Times are good for the timber frame industry and with a sea change going on in the registered social landlord (RSL) market, things look set to get even better.

Only a few years ago we had to deal with an almost anonymous employer (ie housing associations), adversarial contractors and contracts were secured on the cheapest price. That has now been turned on its head.

For example, Pace was recently selected by an RSL to act as its supply chain partner for its future development programme of affordable housing, and to our surprise we were advised that we would form part of the selection panel to appoint the main contractors for the work. It was music to our ears, but what’s going on?

Timber frame’s market share has been increasing for some years, due not least to the following milestones: the publication in the early 90s of the Building Research Establishment‘s 10-year study of timber frame construction which gave it a clean bill of health; Latham’s “Constructing the Team” and finally Egan’s “Rethinking Construction” which recommends the use of off-site manufacture and, in particular, the use of timber. Since Egan we haven’t looked back, and the government has decided to take advantage of off-site manufacturing methods even further for its new housing programme.

Modern methods of construction

Modern methods of construction (MMC), the new official term that avoids the use of the word “prefabrication”, which might be seen as pejorative, is probably going to create the most significant quantum leap our industry has ever seen.

John Prescott’s “sustainable communities”, a step change in housing supply announced last year, aims to deliver 200,000 extra new homes over the next 12 years. By 2008 the government will have more than doubled spending on new affordable housing since 1997. This equates to 10,000 extra homes a year and a 50% increase compared with today. It also intends to deliver 40,000 new homes for essential public sector workers.

In order to deliver these impressive outputs, quickly and efficiently the Office of the Deputy Prime Minister has stated that one-third of the houses built through the Housing Corporation’s Challenge Fund will be built using MMC. The National Investment Policy for 2004/06 states that MMC is a “key government priority” and that a minimum of 25% of newbuild schemes must be built using modern methods. English Partnerships has gone further and is specifying 50% of newbuild will be MMC.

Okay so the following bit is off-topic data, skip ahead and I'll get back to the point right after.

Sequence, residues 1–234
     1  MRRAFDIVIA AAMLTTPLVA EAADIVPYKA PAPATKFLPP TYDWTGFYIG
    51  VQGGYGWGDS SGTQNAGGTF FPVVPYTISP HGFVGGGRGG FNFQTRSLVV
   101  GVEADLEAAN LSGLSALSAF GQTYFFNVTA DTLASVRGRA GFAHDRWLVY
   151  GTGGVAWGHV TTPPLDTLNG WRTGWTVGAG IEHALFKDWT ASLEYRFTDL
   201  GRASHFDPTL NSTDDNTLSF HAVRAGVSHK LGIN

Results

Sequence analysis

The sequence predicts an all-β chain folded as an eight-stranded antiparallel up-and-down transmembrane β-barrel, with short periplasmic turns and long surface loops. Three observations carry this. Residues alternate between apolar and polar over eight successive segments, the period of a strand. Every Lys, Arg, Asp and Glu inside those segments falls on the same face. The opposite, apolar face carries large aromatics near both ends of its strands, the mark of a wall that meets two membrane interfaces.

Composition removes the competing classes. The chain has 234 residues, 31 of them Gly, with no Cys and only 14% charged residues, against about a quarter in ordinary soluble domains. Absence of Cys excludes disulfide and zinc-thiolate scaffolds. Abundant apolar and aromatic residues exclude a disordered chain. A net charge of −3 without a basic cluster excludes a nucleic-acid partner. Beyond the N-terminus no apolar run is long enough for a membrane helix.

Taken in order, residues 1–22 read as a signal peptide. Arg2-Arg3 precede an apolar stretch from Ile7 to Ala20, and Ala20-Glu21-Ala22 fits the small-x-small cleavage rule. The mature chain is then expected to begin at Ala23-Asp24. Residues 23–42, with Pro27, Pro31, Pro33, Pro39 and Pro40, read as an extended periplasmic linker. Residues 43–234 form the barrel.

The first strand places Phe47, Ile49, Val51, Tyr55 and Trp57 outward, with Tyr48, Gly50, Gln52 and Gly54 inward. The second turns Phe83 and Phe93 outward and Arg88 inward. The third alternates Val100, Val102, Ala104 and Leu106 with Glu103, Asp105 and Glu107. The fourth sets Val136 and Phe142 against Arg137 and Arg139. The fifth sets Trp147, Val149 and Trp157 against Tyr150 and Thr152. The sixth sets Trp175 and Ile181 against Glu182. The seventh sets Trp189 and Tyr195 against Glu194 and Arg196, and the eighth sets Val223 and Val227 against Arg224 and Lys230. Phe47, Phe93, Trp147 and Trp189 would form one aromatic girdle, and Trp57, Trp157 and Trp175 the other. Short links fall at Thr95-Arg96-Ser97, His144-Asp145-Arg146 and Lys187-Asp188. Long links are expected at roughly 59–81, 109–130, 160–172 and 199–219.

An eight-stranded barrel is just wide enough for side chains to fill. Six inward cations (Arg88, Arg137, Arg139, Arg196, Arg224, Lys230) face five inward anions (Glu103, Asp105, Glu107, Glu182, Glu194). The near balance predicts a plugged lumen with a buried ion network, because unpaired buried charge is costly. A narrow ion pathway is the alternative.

MMC is a broad category that embraces a variety of build approaches but certainly encompasses timber frame.

Timber frame is also recognised as the most sustainable method of construction. The government’s own definition of sustainable development is “ensuring a better quality of life for everyone now and for generations to come”. This national strategy sets out four key objectives that must be achieved simultaneously:

  • Social progress that meets the needs of everyone;

  • effective protection of the environment;

  • prudent use of natural resources;

  • maintenance of high and stable levels of economic growth and employment.
  • Timber frame clearly fits the bill.

    There have been concerns in many sectors of the industry that we do not have the capac-ity in the timber frame industry to cope with this level of growth. We have the capacity at Pace and I know our competitors do too, a fact borne out in a recent Department of Trade and Industry survey on the subject.

    The UK Timber Frame Association‘s quality and training initiatives also ensure that this growth will be sustained.

    So this is a real opportunity for the timber frame industry. How we trade in this sector now is of paramount importance as RSLs want and need to deal directly with the timber frame manufacturers, not only to develop their MMC outputs but also to ‘negotiate’ their visions for the future.

    But there is a catch: ‘traditional’ timber frame is fast becoming unacceptable as an MMC as it is not innovative enough – we are already seeing this in specifying documents.

    Need for innovation

    Therefore we must be receptive to the RSLs. We must be innovative and flexible and push the boundaries forward; otherwise we will see an increase in imports and other non-timber systems flourishing in the UK.

    We have recently launched our Optima Homes brand, which we believe will have a significant impact and influence on the future shape of the MMC market.

    Our experience is that RSLs genuinely believe it is now time to build in more innovative and efficient methods. Their standards of build are very high and their performance specifications are demanding, so this is not a cheap quick fix but a long-term opportunity for the timber frame industry to promote itself as cutting edge and to provide the RSL market with what it needs.